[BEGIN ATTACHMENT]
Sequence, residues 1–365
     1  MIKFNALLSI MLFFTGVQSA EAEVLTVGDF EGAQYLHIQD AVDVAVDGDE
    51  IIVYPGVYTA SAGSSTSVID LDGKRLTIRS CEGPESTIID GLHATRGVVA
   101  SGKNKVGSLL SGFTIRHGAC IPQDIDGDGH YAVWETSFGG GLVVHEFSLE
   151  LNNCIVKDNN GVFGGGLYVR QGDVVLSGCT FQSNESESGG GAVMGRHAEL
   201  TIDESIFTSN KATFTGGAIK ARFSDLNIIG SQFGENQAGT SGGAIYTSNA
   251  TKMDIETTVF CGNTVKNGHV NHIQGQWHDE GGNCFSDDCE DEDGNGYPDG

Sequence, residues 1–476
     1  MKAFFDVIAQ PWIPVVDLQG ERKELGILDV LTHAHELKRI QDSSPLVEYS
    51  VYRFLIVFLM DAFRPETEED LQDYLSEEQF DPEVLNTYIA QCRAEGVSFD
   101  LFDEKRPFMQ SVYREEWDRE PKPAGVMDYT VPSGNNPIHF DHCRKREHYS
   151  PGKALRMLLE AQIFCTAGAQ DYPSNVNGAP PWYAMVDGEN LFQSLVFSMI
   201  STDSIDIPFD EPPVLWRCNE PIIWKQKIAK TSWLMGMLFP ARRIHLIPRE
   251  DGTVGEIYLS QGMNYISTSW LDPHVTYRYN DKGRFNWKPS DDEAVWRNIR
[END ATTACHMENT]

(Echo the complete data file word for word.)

Sequence, residues 1–365
     1  MIKFNALLSI MLFFTGVQSA EAEVLTVGDF EGAQYLHIQD AVDVAVDGDE
    51  IIVYPGVYTA SAGSSTSVID LDGKRLTIRS CEGPESTIID GLHATRGVVA
   101  SGKNKVGSLL SGFTIRHGAC IPQDIDGDGH YAVWETSFGG GLVVHEFSLE
   151  LNNCIVKDNN GVFGGGLYVR QGDVVLSGCT FQSNESESGG GAVMGRHAEL
   201  TIDESIFTSN KATFTGGAIK ARFSDLNIIG SQFGENQAGT SGGAIYTSNA
   251  TKMDIETTVF CGNTVKNGHV NHIQGQWHDE GGNCFSDDCE DEDGNGYPDG

Sequence, residues 1–476
     1  MKAFFDVIAQ PWIPVVDLQG ERKELGILDV LTHAHELKRI QDSSPLVEYS
    51  VYRFLIVFLM DAFRPETEED LQDYLSEEQF DPEVLNTYIA QCRAEGVSFD
   101  LFDEKRPFMQ SVYREEWDRE PKPAGVMDYT VPSGNNPIHF DHCRKREHYS
   151  PGKALRMLLE AQIFCTAGAQ DYPSNVNGAP PWYAMVDGEN LFQSLVFSMI
   201  STDSIDIPFD EPPVLWRCNE PIIWKQKIAK TSWLMGMLFP ARRIHLIPRE
   251  DGTVGEIYLS QGMNYISTSW LDPHVTYRYN DKGRFNWKPS DDEAVWRNIR